• Pacific Bluefin Tuna (Thunnus orientalis): The Pacific bluefin tuna spawn in the Western Pacific between Japan and the Philippines and migrate to the Eastern Pacific. They mature slowly to a length of up to 10 feet and a weight of up to 1,200 pounds, and can live up to 30 years. Fast swimmers, they can race at speeds of 30 mph and more, although this does not help them: they are hooked on long lines or illegally netted everywhere they swim and are seriously overfished.

  • Southern Bluefin Tuna (Thunnus maccoyii): The Southern Bluefin is the most overexploited tuna species; the stocks are heavily depleted because the Japanese are willing to pay extremely high prices for it. For this same reason it is rarely found elsewhere. The other bluefin species are similarly rare and under threat. It swims through all of the world’s oceans in the Southern Hemisphere, growing up to 8.2 feet in length and up to 882 pounds.

  • Skipjack Tuna (Katsuwonus pelamis): There are several other fish called tuna in the family Scombridae. The most important one that is not in the genus Thunnus is the Skipjack. Similar in flesh to the yellowfin, the skipjack gets its name because it seems to skip out of the water. Skipjack is the most commonly canned fish: its small size lends itself to canning. It can weigh up to 40 pounds, but is more typically 6 to 8 pounds. The variety is also known as arctic bonito, oceanic bonito, striped tuna, stripies, watermelon and, in Hawaii, aku. There is ongoing debate about its biological classification; previously it was assigned to the Thunnus genus, but is still legitimate tuna.

  • White Tuna. See albacore tuna.

  • Yellowfin Tuna (Thunnus albacares): Also called ahi in Hawaii, the yellowfin tuna is usually larger than the albacore, growing up to 300 pounds. It is a big fish that can swim at very high speeds, which may be why, in some areas, dolphins and large yellowfin swim together. Its flesh is pale pink (in the U.S. it must be called “light” meat), with a flavor slightly stronger than the albacore.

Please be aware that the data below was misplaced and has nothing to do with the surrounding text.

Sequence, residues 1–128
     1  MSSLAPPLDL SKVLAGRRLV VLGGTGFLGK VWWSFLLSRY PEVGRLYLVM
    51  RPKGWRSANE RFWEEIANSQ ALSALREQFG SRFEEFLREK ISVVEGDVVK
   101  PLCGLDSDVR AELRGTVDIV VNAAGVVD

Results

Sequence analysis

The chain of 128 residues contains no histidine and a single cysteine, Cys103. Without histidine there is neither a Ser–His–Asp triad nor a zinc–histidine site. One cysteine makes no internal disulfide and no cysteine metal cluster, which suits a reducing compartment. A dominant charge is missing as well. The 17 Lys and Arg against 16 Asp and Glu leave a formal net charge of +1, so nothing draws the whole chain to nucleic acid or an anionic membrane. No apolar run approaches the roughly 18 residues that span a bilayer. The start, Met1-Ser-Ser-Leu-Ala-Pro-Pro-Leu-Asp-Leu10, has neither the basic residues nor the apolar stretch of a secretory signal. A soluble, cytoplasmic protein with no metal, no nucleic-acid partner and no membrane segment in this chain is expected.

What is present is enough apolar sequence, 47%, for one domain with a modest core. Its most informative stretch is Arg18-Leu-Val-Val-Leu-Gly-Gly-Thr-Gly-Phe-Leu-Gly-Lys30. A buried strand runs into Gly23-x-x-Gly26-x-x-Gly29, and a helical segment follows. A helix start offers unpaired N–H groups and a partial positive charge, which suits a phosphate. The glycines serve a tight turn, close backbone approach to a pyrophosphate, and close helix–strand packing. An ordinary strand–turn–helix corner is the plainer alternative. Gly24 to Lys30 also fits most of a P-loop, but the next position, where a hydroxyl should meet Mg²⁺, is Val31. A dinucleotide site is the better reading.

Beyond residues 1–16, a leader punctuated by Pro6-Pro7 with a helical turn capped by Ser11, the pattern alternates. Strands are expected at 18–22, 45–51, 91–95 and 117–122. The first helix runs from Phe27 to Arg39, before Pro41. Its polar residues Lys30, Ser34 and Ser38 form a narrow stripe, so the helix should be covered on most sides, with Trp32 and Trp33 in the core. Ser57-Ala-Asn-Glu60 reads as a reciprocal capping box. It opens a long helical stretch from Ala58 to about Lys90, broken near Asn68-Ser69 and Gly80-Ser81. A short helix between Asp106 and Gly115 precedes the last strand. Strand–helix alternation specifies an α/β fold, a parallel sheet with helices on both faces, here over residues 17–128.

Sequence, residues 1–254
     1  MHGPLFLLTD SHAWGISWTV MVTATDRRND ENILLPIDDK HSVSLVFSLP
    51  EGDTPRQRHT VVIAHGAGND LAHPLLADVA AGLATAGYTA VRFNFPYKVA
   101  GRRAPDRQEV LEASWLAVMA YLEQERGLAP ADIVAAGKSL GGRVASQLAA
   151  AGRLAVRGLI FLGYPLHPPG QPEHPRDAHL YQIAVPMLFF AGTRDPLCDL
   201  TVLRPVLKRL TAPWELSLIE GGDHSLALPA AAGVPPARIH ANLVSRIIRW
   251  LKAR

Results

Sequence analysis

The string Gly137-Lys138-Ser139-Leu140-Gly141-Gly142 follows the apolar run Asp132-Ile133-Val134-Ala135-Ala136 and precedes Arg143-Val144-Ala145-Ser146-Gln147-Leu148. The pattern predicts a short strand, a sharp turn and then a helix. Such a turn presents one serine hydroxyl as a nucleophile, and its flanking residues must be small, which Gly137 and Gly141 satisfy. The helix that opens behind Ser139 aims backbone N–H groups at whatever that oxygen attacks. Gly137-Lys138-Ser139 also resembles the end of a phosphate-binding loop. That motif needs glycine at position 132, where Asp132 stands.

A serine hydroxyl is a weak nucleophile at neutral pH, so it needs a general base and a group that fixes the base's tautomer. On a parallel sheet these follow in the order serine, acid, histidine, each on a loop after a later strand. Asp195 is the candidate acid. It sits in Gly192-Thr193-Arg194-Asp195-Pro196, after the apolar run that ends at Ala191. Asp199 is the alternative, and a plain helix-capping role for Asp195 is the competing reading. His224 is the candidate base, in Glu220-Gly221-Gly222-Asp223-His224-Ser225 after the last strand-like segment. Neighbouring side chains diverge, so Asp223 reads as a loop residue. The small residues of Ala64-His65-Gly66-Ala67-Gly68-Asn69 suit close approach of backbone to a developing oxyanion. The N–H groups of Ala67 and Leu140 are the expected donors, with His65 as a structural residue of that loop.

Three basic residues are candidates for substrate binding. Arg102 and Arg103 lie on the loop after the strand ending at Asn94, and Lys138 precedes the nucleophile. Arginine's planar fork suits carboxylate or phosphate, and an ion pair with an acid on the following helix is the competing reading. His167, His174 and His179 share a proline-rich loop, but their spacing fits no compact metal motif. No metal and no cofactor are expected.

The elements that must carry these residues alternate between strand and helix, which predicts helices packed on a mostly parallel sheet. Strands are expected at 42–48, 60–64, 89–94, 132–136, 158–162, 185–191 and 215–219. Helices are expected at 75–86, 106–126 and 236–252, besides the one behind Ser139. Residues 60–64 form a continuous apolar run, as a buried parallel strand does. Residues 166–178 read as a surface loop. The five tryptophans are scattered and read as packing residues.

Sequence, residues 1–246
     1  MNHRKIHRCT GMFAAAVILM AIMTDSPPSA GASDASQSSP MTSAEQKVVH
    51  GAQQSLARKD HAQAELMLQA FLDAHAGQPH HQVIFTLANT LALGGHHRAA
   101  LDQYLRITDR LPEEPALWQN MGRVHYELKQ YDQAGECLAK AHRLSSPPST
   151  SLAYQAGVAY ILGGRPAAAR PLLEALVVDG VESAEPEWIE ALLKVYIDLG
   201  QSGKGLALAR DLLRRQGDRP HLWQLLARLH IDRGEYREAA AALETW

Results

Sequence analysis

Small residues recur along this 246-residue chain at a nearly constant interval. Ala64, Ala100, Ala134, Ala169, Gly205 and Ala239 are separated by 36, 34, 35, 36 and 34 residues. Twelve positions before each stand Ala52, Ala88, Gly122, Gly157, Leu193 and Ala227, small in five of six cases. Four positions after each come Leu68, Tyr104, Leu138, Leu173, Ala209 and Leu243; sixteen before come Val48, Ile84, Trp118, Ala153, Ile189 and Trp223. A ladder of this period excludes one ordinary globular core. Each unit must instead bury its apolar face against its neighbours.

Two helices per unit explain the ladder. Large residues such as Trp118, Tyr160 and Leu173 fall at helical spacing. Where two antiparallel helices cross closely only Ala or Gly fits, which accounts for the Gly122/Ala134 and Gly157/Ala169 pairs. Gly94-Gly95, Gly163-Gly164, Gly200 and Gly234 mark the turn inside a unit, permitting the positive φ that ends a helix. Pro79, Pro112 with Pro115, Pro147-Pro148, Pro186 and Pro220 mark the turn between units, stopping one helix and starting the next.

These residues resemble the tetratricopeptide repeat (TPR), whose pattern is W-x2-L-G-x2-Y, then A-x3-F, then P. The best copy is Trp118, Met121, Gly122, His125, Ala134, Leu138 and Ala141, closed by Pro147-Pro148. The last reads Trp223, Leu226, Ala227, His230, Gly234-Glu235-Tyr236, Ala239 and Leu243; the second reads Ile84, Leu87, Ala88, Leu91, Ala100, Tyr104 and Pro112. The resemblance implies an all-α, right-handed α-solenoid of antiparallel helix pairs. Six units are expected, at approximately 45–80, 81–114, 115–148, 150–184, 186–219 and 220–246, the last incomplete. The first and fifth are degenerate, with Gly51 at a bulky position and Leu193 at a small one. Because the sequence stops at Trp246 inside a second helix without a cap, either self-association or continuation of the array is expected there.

Tuna Facts & Trivia


What’s In The Can?

  • Canned tuna is precooked. It has a shelf life of up to five years.
  • White meat canned tuna is albacore, the only tuna that can be called white. Most light meat tuna is skipjack.
  • Albacore is packed almost exclusively in water, in solid form.
  • Light meat tuna is most commonly packed chunk-style in water, although there is a demand for oil-packed light meat tuna.
  • Solid tuna (also called “fancy”) is a solid portion of a loin, cut to fit the can and packed in one layer. The FDA also allows a piece of a segment to be added to fill the container.
  • Chunk tuna is a mixture of cut pieces of varying sizes.

Tuna Trivia

  • Tuna is a member of the mackerel family. It is probably the most popular fish used for canning.
  • Canned and pouched tuna are some of the most widely consumed fish products. Americans eat about one billion pounds of canned and pouched tuna annually.
  • Japan and the United States are the largest consumers of tuna, using about 36 percent and 31 percent, respectively, of the world’s catch.
  • Although tuna is found in all major bodies of water (except the Arctic Ocean), the majority of the supply comes from the Pacific Ocean, which accounts for 66% of the commercial catch. The rest comes from the Indian Ocean (20.7%), the Atlantic Ocean (12.5%) and the Mediterranean and Black Seas (0.8%).

For more information, visit, the website of the U.S. Tuna Foundation, and

As soon as we tasted G’Day Gourmet tunas, we knew we had to order them by the case—with some salmon for a change of pace. They are the new healthy convenience food to eat at the office. At first, we felt constrained by the 3.5-ounce portion control. Then we remembered: when one door closes, another opens. We just opened another can of a different flavor!

—Karen Hochman
Updated December 2011

FORWARD THIS NIBBLE to anyone who loves tuna or canned salmon, needs to eat better at work, or in general needs portable healthy food with a shelf life.